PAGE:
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For some data center managers out there, server buying decisions are based more on applications than power consumption. Frank Walsh, data center manager at Lahey Clinic Medical Center in Burlington, Mass., said much of what is in his data center is driven by projects. A doctor may have received a grant or wants to do research on a particular topic. That research depends on a particular application, and the company that sells that application only does it on certain hardware.

Walsh does have some say over some of the server's attributes; for example, it has to have dual power supplies and dual processors. Beyond that, it's rare that he's choosing servers from a particular vendor.

"The project decides what the application is going to be and the application many times determines the hardware platform that it's going to run on," Walsh said. "I'm kind of in a position where they really get thrown on my dock, and we roll them in the door."

The server energy efficiency metric will be available on an EPA Energy Star program Web site and will focus on 1U and 2U rack servers.

Meanwhile, the Standard Performance Evaluation Corp. (SPEC), a nonprofit that measures server performance benchmarks, has formed a committee to develop a standard of its own and hopes to have one by the end of March. Industry leaders hope the two groups can come together to merge their two metrics into one and expand the energy efficiency standard beyond transaction-based performance benchmarks.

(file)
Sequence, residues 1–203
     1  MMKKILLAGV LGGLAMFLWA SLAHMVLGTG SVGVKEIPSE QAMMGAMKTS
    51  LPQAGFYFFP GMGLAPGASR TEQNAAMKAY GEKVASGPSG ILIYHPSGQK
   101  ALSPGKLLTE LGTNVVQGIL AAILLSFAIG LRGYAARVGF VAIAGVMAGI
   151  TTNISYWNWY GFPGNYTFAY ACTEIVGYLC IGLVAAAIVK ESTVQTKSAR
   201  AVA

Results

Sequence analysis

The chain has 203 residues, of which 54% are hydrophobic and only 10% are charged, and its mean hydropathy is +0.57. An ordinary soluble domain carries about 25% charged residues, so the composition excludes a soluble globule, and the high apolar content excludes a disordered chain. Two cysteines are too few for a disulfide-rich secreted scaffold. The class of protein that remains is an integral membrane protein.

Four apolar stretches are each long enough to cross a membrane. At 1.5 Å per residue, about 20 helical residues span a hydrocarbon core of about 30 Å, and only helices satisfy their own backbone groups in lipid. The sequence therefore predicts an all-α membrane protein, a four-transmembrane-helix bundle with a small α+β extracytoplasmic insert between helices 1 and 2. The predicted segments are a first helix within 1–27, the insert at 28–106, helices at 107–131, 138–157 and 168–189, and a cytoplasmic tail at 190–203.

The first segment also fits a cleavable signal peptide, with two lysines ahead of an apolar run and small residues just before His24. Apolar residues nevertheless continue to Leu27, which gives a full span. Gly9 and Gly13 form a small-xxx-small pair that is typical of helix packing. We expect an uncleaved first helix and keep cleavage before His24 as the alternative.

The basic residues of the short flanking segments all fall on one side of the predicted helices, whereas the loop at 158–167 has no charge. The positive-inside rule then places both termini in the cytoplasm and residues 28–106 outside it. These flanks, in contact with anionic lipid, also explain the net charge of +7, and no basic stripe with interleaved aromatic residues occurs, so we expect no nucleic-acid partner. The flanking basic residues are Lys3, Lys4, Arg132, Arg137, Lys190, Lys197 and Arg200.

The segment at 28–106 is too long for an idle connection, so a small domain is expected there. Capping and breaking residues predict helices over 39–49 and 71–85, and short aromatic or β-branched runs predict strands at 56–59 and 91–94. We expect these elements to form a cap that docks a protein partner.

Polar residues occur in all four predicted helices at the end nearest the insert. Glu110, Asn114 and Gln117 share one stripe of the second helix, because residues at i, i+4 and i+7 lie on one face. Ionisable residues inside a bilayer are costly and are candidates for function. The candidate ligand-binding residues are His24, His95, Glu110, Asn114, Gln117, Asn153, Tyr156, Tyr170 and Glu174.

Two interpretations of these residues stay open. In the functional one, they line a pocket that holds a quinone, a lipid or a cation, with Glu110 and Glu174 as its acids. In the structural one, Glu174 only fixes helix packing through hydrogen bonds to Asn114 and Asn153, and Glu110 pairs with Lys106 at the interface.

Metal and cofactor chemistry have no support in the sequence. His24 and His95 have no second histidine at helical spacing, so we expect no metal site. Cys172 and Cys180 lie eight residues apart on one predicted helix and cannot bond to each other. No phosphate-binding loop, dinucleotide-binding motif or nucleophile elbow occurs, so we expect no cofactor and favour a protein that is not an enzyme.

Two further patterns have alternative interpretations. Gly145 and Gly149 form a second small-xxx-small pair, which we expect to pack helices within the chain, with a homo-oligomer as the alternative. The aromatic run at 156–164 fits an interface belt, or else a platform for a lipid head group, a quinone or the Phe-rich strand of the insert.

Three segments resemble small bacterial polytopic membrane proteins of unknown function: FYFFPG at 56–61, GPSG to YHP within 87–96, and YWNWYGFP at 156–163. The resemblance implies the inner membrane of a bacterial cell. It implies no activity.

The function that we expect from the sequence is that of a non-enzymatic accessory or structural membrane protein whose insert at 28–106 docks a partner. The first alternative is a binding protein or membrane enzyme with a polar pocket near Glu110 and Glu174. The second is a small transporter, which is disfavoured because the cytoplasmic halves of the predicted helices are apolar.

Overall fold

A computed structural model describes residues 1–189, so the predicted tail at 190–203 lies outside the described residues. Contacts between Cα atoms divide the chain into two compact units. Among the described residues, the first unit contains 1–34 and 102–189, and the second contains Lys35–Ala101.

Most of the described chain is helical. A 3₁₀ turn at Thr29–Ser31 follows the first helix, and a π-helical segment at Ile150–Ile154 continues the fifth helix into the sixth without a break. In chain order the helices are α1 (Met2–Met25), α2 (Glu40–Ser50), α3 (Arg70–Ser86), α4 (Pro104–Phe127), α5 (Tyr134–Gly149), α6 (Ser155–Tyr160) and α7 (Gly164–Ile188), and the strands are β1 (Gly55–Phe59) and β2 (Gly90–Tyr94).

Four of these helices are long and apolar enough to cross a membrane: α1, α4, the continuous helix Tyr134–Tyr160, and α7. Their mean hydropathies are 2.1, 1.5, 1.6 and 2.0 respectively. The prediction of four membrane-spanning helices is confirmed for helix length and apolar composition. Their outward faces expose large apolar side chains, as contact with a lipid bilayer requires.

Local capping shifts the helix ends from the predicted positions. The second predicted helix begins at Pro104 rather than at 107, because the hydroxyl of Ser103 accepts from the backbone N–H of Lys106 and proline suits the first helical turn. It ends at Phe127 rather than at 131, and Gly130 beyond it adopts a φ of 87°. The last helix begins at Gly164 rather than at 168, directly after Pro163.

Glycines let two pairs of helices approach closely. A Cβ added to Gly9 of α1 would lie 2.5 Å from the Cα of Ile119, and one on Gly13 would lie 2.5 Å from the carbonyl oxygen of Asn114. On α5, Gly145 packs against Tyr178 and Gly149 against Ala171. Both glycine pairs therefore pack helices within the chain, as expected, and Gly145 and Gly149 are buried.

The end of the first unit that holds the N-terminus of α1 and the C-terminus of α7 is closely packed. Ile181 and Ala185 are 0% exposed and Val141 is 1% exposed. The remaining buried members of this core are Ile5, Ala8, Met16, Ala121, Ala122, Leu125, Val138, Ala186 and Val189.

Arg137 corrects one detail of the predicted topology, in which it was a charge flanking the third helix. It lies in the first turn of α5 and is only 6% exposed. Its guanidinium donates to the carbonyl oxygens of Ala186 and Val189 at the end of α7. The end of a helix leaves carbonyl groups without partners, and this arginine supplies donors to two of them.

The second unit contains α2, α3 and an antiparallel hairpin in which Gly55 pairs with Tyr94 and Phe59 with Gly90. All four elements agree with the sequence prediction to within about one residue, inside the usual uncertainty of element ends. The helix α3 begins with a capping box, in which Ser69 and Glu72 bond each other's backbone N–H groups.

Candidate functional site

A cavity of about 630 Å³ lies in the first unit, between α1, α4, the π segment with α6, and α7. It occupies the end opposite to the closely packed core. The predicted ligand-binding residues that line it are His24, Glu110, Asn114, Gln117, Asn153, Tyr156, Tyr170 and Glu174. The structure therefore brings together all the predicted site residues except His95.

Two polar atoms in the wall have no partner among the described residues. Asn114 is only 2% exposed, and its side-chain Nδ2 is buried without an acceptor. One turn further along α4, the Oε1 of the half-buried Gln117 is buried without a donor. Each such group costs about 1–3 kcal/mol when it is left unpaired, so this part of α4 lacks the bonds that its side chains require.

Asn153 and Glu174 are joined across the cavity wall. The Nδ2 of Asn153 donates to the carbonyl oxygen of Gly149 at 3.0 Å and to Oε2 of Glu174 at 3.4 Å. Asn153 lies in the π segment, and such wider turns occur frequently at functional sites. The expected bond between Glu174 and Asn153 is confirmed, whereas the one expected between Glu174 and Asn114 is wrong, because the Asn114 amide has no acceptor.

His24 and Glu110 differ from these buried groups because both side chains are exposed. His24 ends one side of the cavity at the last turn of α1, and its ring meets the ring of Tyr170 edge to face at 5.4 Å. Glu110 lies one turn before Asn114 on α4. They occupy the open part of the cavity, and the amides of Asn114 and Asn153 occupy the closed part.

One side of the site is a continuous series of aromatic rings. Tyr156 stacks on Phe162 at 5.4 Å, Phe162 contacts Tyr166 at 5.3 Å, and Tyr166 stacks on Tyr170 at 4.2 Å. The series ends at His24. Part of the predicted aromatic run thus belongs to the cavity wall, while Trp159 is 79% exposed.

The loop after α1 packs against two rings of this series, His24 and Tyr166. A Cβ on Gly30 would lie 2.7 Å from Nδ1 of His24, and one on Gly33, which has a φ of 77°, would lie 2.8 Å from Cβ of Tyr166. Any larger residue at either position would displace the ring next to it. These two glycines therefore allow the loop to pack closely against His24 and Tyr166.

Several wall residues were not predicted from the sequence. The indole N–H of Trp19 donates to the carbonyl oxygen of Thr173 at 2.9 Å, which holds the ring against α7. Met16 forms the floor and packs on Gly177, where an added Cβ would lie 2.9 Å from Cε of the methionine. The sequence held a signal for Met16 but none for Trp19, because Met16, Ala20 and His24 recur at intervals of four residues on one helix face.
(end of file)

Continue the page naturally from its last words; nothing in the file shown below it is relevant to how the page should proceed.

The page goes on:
After that, the group will see if the metric gains traction. If vendors start publishing their results from the metric and end users decide what servers to buy based in part on the metric, it could expand. Vendors have already talked about developing a similar metric for blade servers, as well as rack servers larger than 4U.

That's where virtualization could make measurements tricky.

"This is kind of like the pilot," said Christian Belady, a technologist at HP who has represented the company at meetings about the standard. "The whole concern is that it's even more complicated with the introduction of virtualization. You can use virtualization to increase utilization or you can use power management. This really addresses the power management side."

"With virtualization, there's just a lot of complexity on how you would deal with the performance side of the equation," Koomey added.

Nonetheless, the group does want to move beyond 1U and 2U rack servers. Koomey said some manufacturers have intimated that blade servers -- which have been gaining popularity -- might be next on the radar screen. Again, though, there are more factors to consider. What counts as one server? Do you measure energy and performance when the chassis is full, when it's half full or when there's just one blade in it? And what's to be said for chassis that hold a varying number of blades depending on what vendor it comes from?

"We haven't thought that through and hashed it out with the manufacturers," Koomey said. "That's going to be one of the earlier things we work on."

There is also interest in the industry to look at the power consumption of storage equipment, but that will likely be tackled further down the road.

Let us know what you think about the story; e-mail: Mark Fontecchio, News Writer. This article originally appeared on